The Art of Surrender

13 Apr

Lately I’ve been thinking a lot about the concept of surrender – what it means physically, spiritually and creatively. It seems I’m not the only one. A number of people I know are wrestling with this issue as well.

Animals and children seem to have surrender down pat. One look at my cats konked out on the couch informs me they have no problem letting go, the same as kids who in a game of make believe master being present, fully surrendered to their joy.

I understand a fair bit about surrender of the body. I know how the breath allows the muscles to soften; how a smile relaxes the face and laughter releases built up tension. I also know the more an artist (or athlete for that matter) becomes one with the act of creating instead of striving for a result, the more aesthetic and authentic the expression.

But what does it mean to surrender spiritually? 

Turns out is isn’t quite what I thought. For many years, I thought to surrender spiritually was to “let go and let God.” To not only trust Him explicitly but also to be relaxed and in balance. 

I realize the concept of balance is a sham. It’s impossible. As humans, we’re always vacillating between poles of tension like a teeter-toter. While it’s important to strive for balance, we never 100% arrive at it. Instead we juggle the dimensions of reason and emotion, rest and activity, order and chaos as expertly as we can but knowing that sometimes a ball will fall and we’ll have to pick up and start all over again.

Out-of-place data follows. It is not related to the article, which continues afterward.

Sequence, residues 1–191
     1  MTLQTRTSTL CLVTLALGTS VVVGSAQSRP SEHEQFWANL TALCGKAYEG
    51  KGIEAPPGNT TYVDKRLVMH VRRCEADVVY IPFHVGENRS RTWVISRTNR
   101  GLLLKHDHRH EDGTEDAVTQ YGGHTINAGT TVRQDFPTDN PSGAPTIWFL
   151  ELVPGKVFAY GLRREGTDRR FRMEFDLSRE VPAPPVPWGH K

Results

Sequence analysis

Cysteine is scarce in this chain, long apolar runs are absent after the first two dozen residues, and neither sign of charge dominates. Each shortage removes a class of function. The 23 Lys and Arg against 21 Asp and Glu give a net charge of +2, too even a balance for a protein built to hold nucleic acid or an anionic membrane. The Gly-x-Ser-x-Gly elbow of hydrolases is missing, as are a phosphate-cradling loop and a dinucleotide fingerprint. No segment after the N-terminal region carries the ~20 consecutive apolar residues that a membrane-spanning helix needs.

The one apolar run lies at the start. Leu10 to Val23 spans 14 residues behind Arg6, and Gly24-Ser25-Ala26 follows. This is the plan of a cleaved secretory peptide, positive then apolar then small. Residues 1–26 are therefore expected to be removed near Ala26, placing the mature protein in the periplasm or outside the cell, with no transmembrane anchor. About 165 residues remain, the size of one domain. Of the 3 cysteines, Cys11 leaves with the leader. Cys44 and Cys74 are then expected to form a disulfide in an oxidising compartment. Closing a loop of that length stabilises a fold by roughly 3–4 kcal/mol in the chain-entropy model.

But how do we find a sense of ease as we navigate the road between surrender and will? And how do we listen to God’s call to duty in our lives without getting too freaked out? How do we do what we need to do, meeting challenges and sustaining growth while also trusting that He will not let us fall flat on our faces from either failure or exhaustion or both? 

I was talking with a good friend of mine the other night about this for both of us have a tendency to be a little agro. That’s our terminology for being a little over-zealous and intense in our passions and expectations of ourselves. Discipline isn’t really our problem yet sometimes because we’re this way, we don’t completely rise to our full potential (or God’s calling) out of fear, depletion or procrastination.  

I know for a fact that God is calling me to stretch myself – to be a disciple – which requires discipline. But I also know God doesn’t want me to be agro or to have a nervous break down in the process. He wants me to marry surrender with action; to embody his Source moment by moment whether that is the demands of work tasks or in the slower rhythms of domestic life and quiet time. But I haven’t quite figured this one out yet. Because ultimately, my faith isn’t mature enough yet. I don’t know how to fall at His feet or to breathe in ecstasy when I’m scared, over-worked or multi-tasking.

This is an art form and I the apprentice. He the Master.

Leave a Reply